Digesting Contradictions

Food for Thought

My new, native New Yorker friend said there is still a cultural affinity between Germans and Japanese. True. Both still produce reliable automobiles efficiently. In my younger days, I identified with that aspect of those cultures. The idea of being efficient, precise, and productive was conceptually appealing. I wanted the whole world to be that way, free of antagonisms and contradictions, smoothly sailing towards some sort of ideal.

But something within us also draws us towards vices, conflicts, and struggles; not just cigarettes, alcohol, and the grime of New York City streets, but also the challenges of survival in the most competitive city in the world.

It was a typical New York summer evening; hot and humid. We ate dinner inside, in the cool, dry air, and afterward moved to the table outside because she wanted to smoke. We watched a constant stream of people walk by as she critiqued everyone’s fashion.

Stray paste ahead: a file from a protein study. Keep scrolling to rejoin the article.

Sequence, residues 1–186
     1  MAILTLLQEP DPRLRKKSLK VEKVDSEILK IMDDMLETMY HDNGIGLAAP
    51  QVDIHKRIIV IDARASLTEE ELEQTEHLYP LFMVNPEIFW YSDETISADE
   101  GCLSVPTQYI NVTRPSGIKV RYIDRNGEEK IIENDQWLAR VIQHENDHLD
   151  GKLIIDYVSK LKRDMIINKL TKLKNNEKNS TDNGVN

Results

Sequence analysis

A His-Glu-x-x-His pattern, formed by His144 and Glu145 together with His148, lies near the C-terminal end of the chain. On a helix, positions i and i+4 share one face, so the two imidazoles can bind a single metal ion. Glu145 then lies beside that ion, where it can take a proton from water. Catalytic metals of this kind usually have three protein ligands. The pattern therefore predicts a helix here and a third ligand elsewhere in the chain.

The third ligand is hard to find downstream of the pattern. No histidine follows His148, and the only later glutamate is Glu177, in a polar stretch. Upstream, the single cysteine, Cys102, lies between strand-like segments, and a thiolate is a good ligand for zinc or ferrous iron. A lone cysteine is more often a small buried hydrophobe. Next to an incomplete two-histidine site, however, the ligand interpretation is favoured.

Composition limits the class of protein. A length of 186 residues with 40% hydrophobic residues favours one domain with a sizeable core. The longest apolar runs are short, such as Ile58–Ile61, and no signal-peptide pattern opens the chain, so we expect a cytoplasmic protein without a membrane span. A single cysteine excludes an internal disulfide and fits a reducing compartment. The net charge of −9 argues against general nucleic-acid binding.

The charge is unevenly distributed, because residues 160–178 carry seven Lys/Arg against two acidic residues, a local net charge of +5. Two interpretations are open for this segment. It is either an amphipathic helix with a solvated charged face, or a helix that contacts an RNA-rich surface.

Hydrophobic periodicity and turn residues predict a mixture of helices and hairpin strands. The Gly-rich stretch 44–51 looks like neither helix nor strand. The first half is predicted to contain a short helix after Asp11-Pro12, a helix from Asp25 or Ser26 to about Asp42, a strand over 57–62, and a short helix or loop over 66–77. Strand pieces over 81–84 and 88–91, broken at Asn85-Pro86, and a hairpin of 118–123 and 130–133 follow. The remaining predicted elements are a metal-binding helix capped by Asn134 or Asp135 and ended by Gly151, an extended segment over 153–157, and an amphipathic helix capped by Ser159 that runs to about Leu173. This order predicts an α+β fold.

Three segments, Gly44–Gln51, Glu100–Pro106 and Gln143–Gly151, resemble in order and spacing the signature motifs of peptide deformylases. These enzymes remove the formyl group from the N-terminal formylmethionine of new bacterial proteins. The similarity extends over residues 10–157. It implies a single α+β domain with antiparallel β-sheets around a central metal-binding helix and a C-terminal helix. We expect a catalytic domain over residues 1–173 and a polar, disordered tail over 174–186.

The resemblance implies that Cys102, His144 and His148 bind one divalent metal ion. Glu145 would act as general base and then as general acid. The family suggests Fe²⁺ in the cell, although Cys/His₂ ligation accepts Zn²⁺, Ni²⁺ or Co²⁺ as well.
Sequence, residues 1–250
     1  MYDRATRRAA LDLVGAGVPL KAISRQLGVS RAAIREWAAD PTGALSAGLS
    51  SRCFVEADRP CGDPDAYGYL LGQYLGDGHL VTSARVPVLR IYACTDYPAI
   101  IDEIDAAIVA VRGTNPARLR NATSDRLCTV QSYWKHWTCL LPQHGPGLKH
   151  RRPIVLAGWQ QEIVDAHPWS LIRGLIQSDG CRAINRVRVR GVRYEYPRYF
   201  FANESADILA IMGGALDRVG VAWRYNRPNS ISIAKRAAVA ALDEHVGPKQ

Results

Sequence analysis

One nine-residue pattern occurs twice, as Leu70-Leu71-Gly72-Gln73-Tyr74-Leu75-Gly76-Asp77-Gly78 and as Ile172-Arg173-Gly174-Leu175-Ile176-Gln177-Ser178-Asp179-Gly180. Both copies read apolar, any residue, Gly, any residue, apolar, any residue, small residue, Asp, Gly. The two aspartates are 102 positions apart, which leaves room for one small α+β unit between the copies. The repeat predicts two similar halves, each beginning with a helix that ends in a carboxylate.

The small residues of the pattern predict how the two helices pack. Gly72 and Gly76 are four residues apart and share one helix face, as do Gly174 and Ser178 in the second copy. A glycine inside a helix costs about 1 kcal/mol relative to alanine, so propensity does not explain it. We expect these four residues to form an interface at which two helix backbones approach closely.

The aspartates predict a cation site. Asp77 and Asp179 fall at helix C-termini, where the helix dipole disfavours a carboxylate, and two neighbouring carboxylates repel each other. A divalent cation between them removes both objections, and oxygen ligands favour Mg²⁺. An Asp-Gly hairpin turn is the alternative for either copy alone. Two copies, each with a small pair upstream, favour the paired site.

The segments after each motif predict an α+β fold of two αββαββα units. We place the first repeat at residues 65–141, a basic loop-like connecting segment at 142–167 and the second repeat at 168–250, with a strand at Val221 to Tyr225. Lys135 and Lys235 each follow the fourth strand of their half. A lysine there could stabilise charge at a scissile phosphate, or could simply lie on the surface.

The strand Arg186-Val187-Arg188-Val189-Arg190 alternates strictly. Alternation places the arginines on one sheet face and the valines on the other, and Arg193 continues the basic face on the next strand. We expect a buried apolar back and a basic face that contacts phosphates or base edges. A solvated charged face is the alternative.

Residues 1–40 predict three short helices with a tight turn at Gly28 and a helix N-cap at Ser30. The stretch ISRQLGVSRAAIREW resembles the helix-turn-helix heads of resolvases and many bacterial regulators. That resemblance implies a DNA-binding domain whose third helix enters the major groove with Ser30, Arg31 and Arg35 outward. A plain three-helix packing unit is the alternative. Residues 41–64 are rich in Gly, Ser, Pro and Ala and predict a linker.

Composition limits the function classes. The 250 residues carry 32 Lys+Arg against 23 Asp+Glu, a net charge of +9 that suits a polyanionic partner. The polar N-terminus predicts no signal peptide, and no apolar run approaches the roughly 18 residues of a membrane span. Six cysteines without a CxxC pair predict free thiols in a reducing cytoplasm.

Restaurants like Charrúa are rare today in Manhattan where we can sit around for hours sipping on drinks talking. While in the city, everyone’s volume is turned up to 11 at all times. Only for a few weeks in a year, they turn it down elsewhere on vacation. The antagonisms are sorted out as neatly as they can because they feel like indigestion.

This is where the French comes in. As I became older, I found myself being seduced by French philosophy. The aspect that the Japanese and French share in common is their ability to digest contradictions. They don’t sort them out; antagonisms become an integral part of who they are and how they live every day. Ultimately, peace cannot be achieved by sorting out and avoiding contradictions because existence is a contradiction in and of itself. You can achieve it by watching people from a sidewalk cafe like Jean-Paul Sartre and Simone de Beauvoir did.

I told my friend I read philosophy in order to better articulate the philosophy I already have. I don’t think it’s possible to acquire a new philosophy by reading. Finding the right way to live for yourself isn’t a matter of knowledge or intelligence; it’s about muddling through the contradictions until they become two sides of the same coin.